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Modern homes burn faster than older ones. Here's why

Modern furniture looks cool, but could create more of a fire hazard than older pieces. But, that doesn't mean that newer homes are bound for disaster.

LOUISVILLE, Ky. — Addressing the media from the scene of a condo fire in Fern Creek, Fire Chief Mike Schmidt said this:

“Today’s construction burns much faster than older homes. Newer construction is going to burn much quicker and easier due to the light weight of it.”

He’s right. Here’s why.

The UL Firefighter Safety Research Institute did an in-depth research and simulation project, where they created mock-ups of a modern living room and a legacy living room, with corresponding furniture in each. They then set each on fire. The modern living room was completely in flames in about 4 minutes, whereas it took the legacy living room about a half hour to be engulfed.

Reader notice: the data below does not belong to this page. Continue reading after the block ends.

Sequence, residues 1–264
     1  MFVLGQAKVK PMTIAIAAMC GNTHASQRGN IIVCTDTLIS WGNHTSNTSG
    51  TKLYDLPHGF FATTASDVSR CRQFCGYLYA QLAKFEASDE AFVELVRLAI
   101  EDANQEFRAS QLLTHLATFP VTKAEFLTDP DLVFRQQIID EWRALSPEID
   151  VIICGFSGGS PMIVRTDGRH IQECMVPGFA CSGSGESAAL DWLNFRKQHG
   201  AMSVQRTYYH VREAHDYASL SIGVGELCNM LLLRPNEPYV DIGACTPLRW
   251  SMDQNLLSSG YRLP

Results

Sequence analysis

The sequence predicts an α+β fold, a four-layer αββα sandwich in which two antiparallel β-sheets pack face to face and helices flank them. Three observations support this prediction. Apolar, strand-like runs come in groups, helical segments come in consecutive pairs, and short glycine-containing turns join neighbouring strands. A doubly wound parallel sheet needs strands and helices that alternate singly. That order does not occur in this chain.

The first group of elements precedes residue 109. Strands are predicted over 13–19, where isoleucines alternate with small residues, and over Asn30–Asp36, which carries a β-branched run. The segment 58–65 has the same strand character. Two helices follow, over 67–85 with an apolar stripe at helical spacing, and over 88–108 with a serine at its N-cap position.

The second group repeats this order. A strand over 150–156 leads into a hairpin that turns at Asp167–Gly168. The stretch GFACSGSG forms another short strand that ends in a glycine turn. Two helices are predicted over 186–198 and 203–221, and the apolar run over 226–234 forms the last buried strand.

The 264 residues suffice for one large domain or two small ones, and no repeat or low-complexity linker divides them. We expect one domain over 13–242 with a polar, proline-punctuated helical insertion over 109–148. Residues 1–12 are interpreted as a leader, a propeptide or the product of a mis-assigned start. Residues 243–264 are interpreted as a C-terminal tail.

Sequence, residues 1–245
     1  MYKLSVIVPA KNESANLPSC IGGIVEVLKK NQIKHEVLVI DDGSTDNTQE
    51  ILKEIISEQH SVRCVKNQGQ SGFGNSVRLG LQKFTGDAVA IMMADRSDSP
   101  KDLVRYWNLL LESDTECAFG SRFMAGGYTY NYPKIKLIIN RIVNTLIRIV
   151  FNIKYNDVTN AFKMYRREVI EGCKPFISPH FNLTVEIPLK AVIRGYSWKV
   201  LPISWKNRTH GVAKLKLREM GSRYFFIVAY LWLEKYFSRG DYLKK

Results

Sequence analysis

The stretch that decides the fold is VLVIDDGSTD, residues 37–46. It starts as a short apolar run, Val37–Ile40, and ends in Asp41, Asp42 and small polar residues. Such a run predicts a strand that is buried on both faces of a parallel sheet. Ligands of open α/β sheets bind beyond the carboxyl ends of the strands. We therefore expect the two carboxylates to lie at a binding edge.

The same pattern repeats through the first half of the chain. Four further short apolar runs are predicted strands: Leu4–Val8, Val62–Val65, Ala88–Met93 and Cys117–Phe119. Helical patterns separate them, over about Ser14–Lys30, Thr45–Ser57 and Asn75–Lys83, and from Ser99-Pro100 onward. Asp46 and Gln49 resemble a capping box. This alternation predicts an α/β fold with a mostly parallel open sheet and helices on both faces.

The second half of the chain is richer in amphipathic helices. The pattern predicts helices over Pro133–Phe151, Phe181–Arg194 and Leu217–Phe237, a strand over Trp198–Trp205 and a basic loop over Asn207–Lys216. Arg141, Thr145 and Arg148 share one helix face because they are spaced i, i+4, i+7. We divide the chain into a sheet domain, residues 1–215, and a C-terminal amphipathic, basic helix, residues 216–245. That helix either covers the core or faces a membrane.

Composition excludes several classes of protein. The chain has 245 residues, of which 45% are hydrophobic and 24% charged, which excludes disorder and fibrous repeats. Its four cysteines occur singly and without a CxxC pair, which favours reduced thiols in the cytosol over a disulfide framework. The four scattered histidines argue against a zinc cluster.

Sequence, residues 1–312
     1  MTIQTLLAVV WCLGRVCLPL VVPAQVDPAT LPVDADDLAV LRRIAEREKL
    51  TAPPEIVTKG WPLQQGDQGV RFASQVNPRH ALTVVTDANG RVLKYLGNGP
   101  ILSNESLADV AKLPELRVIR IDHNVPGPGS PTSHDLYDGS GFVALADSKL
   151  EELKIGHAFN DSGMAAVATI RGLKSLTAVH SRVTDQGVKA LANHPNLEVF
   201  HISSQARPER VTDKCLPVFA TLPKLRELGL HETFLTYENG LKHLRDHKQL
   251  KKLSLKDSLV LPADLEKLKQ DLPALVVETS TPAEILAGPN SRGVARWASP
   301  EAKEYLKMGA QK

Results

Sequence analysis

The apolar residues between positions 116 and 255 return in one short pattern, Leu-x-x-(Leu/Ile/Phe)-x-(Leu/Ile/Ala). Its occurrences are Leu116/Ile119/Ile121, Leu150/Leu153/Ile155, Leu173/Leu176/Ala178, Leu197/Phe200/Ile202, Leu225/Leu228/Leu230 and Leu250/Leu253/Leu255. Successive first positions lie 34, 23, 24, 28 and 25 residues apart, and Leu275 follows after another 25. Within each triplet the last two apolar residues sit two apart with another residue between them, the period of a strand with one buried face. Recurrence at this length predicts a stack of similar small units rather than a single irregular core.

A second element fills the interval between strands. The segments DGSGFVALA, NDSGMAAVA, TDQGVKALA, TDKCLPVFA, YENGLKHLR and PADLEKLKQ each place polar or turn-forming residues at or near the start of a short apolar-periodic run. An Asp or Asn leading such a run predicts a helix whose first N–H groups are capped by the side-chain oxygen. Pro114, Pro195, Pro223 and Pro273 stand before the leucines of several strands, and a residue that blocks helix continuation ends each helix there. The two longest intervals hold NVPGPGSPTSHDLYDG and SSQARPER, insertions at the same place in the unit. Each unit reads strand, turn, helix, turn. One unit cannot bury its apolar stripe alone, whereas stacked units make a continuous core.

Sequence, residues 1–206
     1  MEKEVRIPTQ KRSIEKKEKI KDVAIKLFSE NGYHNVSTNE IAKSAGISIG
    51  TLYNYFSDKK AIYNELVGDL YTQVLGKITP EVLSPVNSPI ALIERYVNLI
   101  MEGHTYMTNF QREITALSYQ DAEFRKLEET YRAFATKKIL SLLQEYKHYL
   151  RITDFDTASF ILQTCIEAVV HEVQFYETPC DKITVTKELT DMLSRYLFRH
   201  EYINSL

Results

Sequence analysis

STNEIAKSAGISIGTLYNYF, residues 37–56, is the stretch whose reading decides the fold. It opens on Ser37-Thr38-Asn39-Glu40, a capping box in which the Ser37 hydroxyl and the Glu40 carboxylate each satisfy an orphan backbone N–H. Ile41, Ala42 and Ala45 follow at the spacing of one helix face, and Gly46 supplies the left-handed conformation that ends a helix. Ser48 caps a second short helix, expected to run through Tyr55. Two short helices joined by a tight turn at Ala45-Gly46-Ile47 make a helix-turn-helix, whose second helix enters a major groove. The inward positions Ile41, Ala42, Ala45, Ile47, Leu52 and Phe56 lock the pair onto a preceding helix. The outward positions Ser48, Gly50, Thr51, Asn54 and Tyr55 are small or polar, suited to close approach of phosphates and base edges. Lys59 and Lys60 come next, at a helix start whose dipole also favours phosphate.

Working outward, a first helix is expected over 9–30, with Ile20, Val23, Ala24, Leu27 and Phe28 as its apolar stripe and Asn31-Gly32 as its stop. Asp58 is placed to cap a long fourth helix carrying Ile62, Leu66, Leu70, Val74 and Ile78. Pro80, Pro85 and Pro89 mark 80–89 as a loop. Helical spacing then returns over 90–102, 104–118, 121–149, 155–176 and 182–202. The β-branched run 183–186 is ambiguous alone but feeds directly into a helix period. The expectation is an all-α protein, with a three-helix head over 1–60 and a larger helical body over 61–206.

A big reason for this is the furniture inside, and what it’s made out of. There are more synthetic materials used in homes today, and synthetic materials tend to burn a lot faster than organic ones (There are also concerns they release more carcinogens in the process).

RELATED: 30 years worth of memories gone in Fern Creek condo fire

However, it’s not all bad news for 21st-century homes; even though they burn faster, they’re actually less likely to burn in the first place. According to the National Fire Protection Association, there were about twice as many structure fires in 1977 than there were in 2015. Things like stricter fire codes, better wiring, increased public awareness, and lower smoking rates are helping to make structure fires less common.

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